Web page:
What are we saving? Developing a standardized approach for conservation action

Authors


Correspondence
Nick J. B. Isaac, Zoological Society London, Regent's Park, London, England NW1 4RY, UK.
Email: njbisaac@gmail.com

Abstract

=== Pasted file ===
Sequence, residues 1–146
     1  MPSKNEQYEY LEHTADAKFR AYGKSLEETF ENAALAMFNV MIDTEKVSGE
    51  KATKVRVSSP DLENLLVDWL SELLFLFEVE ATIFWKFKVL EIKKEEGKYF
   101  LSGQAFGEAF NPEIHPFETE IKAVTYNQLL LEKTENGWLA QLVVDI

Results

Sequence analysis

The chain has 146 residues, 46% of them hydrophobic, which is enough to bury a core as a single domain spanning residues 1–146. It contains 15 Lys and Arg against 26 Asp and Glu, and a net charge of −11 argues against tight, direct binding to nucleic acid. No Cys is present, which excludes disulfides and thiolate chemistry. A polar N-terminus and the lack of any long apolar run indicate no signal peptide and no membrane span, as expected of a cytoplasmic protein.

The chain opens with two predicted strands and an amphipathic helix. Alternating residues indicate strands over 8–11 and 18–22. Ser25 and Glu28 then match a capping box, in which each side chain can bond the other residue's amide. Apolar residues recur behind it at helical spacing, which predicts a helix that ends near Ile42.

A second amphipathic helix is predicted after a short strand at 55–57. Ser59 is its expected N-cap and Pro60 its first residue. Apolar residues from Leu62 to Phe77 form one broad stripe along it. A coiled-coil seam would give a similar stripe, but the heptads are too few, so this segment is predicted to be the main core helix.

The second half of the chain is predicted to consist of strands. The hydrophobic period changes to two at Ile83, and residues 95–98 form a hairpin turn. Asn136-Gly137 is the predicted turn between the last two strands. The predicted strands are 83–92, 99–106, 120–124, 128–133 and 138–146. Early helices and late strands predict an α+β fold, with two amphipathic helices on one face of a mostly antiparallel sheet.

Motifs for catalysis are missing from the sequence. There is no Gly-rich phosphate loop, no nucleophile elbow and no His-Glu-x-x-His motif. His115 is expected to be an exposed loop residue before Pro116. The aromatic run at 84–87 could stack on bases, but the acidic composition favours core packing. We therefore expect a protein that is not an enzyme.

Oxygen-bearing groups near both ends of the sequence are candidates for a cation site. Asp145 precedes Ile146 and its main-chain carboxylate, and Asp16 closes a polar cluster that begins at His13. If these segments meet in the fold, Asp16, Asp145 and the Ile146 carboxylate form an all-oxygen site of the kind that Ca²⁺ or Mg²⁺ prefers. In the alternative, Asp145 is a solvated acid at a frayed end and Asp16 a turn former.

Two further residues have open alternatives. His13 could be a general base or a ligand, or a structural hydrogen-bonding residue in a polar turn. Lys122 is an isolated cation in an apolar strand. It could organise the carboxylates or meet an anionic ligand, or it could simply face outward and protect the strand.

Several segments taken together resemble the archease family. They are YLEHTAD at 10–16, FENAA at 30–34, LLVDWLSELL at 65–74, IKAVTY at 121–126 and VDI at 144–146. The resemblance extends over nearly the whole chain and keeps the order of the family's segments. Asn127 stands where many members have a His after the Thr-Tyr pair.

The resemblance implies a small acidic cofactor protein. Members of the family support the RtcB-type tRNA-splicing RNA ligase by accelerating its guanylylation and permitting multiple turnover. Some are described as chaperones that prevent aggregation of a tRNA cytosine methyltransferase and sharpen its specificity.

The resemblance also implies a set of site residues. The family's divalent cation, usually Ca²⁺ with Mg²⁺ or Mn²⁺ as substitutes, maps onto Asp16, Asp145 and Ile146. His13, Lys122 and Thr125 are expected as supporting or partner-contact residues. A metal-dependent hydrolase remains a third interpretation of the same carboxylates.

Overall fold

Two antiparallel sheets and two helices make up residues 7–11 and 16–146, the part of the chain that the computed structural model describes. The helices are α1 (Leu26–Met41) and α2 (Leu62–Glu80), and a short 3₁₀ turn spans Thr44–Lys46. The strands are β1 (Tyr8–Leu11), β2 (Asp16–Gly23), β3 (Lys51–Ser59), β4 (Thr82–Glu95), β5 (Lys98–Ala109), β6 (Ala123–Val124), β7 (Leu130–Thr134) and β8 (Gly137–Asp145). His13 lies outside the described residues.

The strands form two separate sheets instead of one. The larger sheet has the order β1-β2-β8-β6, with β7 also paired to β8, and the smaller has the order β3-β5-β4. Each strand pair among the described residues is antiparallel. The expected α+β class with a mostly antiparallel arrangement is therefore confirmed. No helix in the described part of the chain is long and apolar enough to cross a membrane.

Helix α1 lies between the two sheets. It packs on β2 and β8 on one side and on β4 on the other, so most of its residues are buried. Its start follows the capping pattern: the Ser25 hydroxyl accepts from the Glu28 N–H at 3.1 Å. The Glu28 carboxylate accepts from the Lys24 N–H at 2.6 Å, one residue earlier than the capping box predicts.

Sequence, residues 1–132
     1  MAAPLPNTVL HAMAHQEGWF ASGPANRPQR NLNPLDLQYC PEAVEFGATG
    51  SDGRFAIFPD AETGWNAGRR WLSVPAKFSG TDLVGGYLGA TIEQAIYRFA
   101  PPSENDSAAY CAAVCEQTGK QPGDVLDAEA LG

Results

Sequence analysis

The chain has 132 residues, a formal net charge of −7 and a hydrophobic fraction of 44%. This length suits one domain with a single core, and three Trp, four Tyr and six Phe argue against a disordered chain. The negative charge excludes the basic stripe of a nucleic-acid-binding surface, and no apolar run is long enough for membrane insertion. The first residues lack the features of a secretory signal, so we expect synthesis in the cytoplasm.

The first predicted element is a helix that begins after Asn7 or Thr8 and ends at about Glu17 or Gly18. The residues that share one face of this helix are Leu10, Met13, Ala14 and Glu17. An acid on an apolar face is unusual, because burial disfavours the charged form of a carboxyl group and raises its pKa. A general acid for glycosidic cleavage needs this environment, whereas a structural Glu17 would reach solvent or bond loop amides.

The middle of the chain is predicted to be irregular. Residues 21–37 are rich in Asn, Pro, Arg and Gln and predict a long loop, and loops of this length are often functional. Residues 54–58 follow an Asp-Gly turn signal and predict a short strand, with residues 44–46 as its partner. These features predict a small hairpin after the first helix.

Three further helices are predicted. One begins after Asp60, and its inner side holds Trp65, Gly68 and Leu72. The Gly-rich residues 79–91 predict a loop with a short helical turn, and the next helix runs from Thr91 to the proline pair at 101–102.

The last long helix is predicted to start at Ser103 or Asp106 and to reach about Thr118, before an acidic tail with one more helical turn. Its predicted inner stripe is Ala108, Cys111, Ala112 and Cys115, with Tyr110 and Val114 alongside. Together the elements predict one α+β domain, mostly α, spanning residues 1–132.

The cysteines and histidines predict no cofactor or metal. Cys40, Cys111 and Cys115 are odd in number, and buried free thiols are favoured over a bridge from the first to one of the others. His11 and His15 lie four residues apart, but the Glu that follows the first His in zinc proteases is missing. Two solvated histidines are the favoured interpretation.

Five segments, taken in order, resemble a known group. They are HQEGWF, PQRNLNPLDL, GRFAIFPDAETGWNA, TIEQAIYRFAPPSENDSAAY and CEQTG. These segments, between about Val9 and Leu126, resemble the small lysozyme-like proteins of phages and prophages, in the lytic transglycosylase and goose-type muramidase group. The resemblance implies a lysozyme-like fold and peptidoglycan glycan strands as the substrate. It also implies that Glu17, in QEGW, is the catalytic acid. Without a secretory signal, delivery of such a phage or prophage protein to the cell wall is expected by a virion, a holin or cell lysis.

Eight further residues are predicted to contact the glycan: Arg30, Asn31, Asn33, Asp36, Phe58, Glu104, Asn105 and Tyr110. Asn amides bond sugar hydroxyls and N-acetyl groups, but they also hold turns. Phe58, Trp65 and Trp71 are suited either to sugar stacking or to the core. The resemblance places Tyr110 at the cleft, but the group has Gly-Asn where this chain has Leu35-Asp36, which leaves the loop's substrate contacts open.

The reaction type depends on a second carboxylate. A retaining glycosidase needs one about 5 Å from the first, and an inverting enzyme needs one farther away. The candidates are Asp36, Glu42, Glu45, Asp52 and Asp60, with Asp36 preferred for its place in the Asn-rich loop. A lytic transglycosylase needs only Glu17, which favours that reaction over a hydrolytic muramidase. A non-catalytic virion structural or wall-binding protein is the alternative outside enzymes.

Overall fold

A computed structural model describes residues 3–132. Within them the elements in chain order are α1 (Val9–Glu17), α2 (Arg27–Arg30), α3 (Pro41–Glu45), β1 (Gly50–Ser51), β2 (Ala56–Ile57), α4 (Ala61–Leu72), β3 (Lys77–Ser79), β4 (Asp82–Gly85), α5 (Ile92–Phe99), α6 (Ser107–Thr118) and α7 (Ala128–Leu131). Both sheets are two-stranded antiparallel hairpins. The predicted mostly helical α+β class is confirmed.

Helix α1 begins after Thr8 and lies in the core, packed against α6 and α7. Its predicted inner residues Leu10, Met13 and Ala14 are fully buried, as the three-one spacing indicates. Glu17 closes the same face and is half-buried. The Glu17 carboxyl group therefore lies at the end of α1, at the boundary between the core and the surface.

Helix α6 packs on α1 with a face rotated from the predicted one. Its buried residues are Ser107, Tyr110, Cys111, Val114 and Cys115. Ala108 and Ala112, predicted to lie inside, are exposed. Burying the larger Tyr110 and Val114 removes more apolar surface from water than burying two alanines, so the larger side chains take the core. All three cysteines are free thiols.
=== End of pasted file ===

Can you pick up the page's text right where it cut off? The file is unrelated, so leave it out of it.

Are all species equal in terms of conservation attention? We developed a novel framework to assess the level of conservation attention given to 697 threatened mammals and 100 critically endangered amphibian species. Our index of conservation attention provides a quantitative framework for assessing how conservation resources are allocated, based on the degree to which conservation interventions have been proposed and implemented. Our results provide evidence of the strong biases in global conservation attention. We find that most threatened species receive little or no conservation, and that the small number receiving substantial attention is extremely biased. Species most likely to receive conservation attention are those which are well-studied, charismatic and that live in the developed world. Conservation status and evolutionary distinctiveness appear to have little importance in conservation decision-making at the global scale. Most species inhabit the tropics and are both poorly known and uncharismatic. Therefore, the majority of biodiversity is being ignored by current conservation action.

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